Employee Death Benefit
When an accident or sickness results in the premature death of an employee there is an irreversible interruption of earnings. Before insurance, it was common to "pass the hat" and collect funds when a co-worker died to help with final expenses. Since half the Canadian workforce has no personal life insurance, workplace coverage is plays an important role in easing the transition for dependent left behind.
Employee group benefit programs often provide a basic amount of life insurance coverage ($25,000) for employees and occasionally for family members ($10,000 spouse and $5,000 per child). Coverage is usually provided to all employees regardless of their health condition. Employer contributions toward the cost of life insurance are a taxable employee benefit. Life insurance claim payments are not taxed.
Employee Group Accidental Death and Dismemberment Insurance (AD&D)
Employee group benefit programs often match the employee life insurance amount with AD&D insurance, occasionally referred to as double indemnity. The low risk of an employee dying accidentally, or losing a body part, is so remote that AD&D is the most profitable product for most life insurance companies.
Grouped Individual Life Insurance
Grouped individual life insurance policies can help stabilize benefit costs and provide employees with much needed security when they stop working. The fundamental principle of life insurance is the spreading of risk amongst a group of individuals, who each have a low probability of that occurrence taking place. When a person makes an individual decision to purchase life insurance, the insurer needs to make sure that the person does indeed have a low probability of death. They check the applicant’s medical condition as well as their medical, financial, personal, and family histories. The process is time consuming and intrusive. However, when a group of people make a decision to obtain life insurance, the insurer can expect a reasonable distribution of low, medium and high risks. Provided that a reasonable number of members participate, the standards for qualifying for coverage can be significantly reduced. The products typical used are: 10-year guaranteed renewable term insurance and 20-year guaranteed paid-up life insurance.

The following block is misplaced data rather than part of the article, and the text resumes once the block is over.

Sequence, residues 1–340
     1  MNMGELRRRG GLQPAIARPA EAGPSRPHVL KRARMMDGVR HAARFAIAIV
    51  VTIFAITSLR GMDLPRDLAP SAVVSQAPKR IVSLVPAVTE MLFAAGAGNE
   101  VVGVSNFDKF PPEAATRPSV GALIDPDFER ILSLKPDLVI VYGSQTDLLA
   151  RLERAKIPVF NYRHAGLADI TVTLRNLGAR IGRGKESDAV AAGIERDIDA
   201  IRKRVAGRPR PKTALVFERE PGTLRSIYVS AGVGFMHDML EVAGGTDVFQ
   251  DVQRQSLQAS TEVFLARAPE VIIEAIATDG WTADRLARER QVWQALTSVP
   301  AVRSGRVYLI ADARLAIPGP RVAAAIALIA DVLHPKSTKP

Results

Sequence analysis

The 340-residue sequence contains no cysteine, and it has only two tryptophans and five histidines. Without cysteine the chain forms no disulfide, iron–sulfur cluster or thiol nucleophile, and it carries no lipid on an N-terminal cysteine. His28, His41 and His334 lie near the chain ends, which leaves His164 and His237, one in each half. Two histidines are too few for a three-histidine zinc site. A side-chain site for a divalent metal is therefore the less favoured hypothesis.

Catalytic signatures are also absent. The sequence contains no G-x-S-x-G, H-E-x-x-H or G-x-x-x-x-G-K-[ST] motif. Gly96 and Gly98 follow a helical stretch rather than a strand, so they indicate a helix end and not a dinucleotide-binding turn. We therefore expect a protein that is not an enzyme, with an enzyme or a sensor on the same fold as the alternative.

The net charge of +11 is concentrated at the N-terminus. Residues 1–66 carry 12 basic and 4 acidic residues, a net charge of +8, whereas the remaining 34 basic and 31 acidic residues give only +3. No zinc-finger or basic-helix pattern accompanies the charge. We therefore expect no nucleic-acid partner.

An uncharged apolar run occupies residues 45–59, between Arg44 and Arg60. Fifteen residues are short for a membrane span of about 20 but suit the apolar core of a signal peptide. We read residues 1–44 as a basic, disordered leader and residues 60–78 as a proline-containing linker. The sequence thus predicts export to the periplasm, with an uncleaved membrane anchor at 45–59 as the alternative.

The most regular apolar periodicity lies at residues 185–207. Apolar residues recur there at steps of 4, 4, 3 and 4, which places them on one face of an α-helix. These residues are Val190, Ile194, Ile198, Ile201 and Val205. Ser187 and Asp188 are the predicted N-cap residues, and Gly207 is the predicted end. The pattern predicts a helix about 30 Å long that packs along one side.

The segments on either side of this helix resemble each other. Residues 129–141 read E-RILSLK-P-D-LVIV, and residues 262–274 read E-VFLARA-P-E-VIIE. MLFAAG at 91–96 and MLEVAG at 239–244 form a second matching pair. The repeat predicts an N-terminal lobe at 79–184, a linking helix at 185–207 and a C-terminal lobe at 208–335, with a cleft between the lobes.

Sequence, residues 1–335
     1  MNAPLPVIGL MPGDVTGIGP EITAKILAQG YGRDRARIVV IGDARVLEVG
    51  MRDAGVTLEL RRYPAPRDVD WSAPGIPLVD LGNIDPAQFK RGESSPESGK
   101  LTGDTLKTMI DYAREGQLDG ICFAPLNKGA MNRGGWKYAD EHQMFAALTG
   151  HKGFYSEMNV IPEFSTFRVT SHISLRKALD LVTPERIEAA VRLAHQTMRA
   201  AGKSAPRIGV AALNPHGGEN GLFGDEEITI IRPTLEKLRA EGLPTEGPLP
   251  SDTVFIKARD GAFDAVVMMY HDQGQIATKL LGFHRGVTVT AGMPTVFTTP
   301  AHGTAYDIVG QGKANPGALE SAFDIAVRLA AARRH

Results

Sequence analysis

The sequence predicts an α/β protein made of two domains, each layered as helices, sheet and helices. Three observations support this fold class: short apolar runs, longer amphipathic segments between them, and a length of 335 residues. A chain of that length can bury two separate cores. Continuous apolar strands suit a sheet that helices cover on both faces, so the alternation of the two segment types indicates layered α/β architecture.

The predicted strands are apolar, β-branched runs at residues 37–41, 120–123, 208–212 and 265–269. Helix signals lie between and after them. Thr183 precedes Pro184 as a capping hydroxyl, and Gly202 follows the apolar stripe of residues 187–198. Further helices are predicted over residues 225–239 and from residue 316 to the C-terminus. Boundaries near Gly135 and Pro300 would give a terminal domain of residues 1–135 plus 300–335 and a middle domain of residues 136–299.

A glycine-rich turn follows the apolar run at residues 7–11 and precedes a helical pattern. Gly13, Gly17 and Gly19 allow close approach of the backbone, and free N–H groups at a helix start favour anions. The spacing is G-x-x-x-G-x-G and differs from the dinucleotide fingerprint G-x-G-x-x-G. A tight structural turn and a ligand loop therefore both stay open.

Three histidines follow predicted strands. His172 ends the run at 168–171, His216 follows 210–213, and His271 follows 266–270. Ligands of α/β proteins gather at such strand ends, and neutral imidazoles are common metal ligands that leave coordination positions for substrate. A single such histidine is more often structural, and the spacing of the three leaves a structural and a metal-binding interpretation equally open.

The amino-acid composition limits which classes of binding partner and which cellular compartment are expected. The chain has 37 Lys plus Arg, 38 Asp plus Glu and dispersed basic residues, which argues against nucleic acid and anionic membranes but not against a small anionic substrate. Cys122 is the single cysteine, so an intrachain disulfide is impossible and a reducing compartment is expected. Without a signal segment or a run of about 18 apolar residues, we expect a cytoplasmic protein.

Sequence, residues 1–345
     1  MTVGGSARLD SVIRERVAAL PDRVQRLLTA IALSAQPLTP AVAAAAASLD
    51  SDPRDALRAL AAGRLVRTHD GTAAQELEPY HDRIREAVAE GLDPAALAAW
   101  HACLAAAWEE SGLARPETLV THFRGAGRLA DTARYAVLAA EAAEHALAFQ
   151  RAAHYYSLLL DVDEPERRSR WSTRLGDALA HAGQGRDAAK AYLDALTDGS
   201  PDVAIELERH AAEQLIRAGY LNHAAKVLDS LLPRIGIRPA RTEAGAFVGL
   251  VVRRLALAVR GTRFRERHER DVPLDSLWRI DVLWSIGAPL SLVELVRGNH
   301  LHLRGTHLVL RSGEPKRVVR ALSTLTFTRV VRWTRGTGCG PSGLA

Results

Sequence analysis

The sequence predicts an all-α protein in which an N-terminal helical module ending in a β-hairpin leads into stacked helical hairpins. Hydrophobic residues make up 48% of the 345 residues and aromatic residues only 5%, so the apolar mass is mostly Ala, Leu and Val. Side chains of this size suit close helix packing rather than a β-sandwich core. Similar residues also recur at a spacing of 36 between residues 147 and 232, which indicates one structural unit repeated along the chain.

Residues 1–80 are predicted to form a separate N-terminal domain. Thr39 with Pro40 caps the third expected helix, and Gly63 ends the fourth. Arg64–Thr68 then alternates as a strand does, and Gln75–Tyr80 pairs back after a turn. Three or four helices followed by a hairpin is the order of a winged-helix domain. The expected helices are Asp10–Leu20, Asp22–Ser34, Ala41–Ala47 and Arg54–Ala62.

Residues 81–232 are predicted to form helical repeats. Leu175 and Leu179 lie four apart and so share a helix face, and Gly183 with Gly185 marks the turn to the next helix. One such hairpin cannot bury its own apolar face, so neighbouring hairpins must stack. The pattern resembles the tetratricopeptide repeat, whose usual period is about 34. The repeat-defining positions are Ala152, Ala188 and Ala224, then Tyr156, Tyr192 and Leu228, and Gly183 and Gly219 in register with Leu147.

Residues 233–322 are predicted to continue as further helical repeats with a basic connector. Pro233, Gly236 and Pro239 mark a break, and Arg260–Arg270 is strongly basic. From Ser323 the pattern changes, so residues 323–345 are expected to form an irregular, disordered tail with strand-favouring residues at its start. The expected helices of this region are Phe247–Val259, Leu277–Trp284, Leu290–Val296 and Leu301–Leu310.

Canada Pension Plan (CPP/QPP)
The Canada Pension Plan (CPP) and Quebec Pension Plan (QPP) came into effect on January 1, 1966. The province of Quebec covers workers in Quebec and the Federal government covers workers in the rest of Canada. A death benefit of six times the monthly retirement income to a maximum of $2,500 is paid to the spouse or estate of the deceased contributor. A survivor's benefit is paid to the spouse of a worker who contributed for either one-third of the years in the contributory period or ten years. The amount is based on the age of the survivor and number of dependent children.
Each province requires certain industries to participate in a public run compensation scheme for work related illness and injury. Most provincial workers compensation benefit programs provide a modest death benefit of one or two thousand dollars when a work related illnesses or injuries results in death benefit of a covered employee. Some provinces provide survivor benefits for the spouse and children (under the age of 18) of the deceased worker.